Tuesday, December 02, 2008

Why We Are In A Recession And Why Fiscal Policy (increasing government spending) Might Not Help

Normally I don't like to just put in links to other blogs since you can read that stuff by clicking on my links to those blogs. But since the economy is in the news so much and since alot of that is on what caused the crisis and what needs to be done, these two links are important in giving a different perspective.

The first one is What Really Happened? by Larry White of the University of Missouri. He blames the FED keeping interest rates too low for too long and there being too many "sub prime" loans, that is, loans with lower standards for incomes of the borrowers and downpayments. The government encouraged these home loans. Adjustable rate mortgages play a role, too.

Then there is Fiscal Policy Puzzles where Harvard professor Greg Mankiw disucsses the fact that fiscal policy might not work the way we want it to. That is, increasing government spending might not help very much (although he says " I am not sure what model I should use to explain" this). He also says "At the very least, these puzzles should give us reason to pause when using the Keynesian framework for policy analysis. There is still a lot about macroeconomics that remains deeply puzzling."

Another post by Mankiw is The Bils-Klenow Stimulus Plan. This suggests that cutting payroll taxes (social security taxes) is the best stimulus.


Halo30k said...

One of the issues I don't see in the debate on policy response is that the major problem is all on aggregate demand side, demand has fallen and I don't think we are going to address that by pushing $300-600b to a few industries through fiscal stimulus when 100 industries are going into a fall in AD.

The issue at the heart I think is corporate earnings, which are falling and with demand falling we are in a thrift paradox on the corporate, consumer & public side.

As corporate earnings keep falling, corporate investment falls, employment falls, demand falls etc..

I think we could shock the economy with a 10% of GDP tax cut for 2009.

This will shock corporate earnings side if we had a 2009 only massive tax cut.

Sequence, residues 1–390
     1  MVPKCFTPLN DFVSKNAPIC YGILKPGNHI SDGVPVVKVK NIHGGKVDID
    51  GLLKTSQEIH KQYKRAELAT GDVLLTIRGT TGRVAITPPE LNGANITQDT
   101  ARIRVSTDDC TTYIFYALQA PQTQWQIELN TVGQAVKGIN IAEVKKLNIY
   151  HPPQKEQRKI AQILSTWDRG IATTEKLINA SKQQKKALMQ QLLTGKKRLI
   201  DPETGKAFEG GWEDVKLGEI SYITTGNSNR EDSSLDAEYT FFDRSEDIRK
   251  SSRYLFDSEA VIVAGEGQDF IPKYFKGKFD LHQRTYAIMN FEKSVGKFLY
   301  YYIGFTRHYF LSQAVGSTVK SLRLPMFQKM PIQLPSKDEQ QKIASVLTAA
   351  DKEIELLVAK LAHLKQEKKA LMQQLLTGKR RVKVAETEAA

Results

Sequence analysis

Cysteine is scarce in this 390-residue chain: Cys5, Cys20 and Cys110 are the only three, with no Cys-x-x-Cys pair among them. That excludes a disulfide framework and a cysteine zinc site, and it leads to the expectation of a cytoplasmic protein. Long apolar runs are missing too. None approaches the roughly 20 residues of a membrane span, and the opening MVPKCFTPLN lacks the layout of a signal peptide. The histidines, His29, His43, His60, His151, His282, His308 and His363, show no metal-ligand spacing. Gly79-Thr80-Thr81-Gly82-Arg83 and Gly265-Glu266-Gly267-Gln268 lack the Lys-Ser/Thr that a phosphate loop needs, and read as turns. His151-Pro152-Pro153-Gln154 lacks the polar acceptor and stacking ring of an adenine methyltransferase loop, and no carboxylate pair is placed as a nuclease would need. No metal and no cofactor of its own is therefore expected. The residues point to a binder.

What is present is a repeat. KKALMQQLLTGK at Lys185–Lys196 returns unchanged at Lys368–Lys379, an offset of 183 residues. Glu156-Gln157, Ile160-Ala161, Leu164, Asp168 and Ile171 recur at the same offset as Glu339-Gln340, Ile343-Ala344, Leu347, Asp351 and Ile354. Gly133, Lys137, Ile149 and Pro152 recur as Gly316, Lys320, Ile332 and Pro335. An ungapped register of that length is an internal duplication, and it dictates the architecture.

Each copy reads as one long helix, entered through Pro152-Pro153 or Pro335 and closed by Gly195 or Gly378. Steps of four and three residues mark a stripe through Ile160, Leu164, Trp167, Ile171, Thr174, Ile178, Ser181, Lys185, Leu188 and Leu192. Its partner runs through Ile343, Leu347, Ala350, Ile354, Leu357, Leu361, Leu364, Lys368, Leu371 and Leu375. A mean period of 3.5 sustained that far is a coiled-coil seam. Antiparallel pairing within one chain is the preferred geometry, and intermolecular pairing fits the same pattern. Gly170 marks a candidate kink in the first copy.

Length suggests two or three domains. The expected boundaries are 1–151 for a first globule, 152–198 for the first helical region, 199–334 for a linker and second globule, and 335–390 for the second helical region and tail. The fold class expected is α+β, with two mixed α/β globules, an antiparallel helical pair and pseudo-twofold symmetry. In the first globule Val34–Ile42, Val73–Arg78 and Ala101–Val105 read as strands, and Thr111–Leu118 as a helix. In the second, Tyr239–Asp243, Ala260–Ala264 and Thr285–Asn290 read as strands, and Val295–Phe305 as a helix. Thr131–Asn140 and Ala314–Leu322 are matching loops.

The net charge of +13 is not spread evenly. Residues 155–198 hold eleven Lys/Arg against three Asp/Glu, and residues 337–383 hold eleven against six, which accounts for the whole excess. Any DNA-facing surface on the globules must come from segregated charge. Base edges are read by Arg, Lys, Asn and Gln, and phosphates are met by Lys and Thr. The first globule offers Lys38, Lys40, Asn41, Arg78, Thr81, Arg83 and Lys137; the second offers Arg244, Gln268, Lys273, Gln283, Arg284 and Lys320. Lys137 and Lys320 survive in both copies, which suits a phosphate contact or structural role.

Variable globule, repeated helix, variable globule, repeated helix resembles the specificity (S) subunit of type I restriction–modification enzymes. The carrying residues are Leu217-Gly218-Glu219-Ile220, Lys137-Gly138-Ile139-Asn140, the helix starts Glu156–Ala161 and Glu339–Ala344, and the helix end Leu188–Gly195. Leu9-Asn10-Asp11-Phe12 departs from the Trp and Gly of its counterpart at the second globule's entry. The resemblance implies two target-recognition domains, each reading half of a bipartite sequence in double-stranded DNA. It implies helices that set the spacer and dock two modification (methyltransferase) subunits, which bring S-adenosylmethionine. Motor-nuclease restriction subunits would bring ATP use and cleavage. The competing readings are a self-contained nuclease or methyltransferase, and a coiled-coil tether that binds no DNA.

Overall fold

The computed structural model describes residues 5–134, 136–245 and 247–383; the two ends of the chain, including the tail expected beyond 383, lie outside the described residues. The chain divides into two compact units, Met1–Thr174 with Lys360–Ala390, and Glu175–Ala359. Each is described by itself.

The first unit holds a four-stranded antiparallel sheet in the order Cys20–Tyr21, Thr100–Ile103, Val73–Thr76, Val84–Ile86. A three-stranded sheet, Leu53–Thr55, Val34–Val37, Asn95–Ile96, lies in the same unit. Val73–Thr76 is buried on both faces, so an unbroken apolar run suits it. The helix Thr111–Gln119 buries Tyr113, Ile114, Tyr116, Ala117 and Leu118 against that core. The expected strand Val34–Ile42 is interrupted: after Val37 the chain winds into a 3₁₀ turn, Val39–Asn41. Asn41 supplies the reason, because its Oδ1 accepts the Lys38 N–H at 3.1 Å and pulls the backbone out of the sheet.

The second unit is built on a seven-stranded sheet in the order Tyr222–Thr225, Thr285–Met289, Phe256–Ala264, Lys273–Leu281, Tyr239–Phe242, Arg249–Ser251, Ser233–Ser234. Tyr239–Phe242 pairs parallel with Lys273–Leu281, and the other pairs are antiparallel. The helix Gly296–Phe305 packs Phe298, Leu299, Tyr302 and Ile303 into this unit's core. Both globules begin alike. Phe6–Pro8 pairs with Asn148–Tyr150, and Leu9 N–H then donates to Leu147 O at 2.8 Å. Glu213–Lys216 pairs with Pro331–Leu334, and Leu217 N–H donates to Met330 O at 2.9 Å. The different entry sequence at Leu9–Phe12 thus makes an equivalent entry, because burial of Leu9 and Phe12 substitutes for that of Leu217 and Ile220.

Corporate rates taken down to 0 for 09 (corp taxes are only going be $300-400b) in 09 anyways.

R&D tax credit that is huge $400b at $100b a quarter available only for R&D/CapX,/Plant Equip etc..

Cap gains to 0% for 09 only

Payroll tax cut to 0% for all of 09

All of these will stimulate corporate earnings in 09 by 10-30% Equity prices will raise 20-50%, debt prices will come down from 8-18% to 5-10% and drive demand in CapX which will have solid multiplier effects. With large value to the balance sheet.

On the individual side
a 2009 payroll tax cut to 0%

a 2009 indiv. tax cut of 20%

both of these will drive large savings, debt payments, bank deposits & better credit ratios, asset prices will rise 401k's, home buying will begin and the consumer balance sheet will be cleaned up

Add the $600b to state & local governments for cleaning up their balance sheets and allow them to cut state taxes

All of these would drive huge aggregate demand shock across the whole macroeconomy and would replace 10% of GDP

I also think we could encourage the G20 to adopt the same policy with 2009 0% of GDP tax cut $4 trillion. This coupled with a US $2Trillion tax cut would jolt global AD.

Cyril Morong said...

Thanks for dropping by. I don't think I know enough to evaluate all of your proposals. But some economists have argued for tax cuts to be the stimulus. Although usually they want permanent cuts.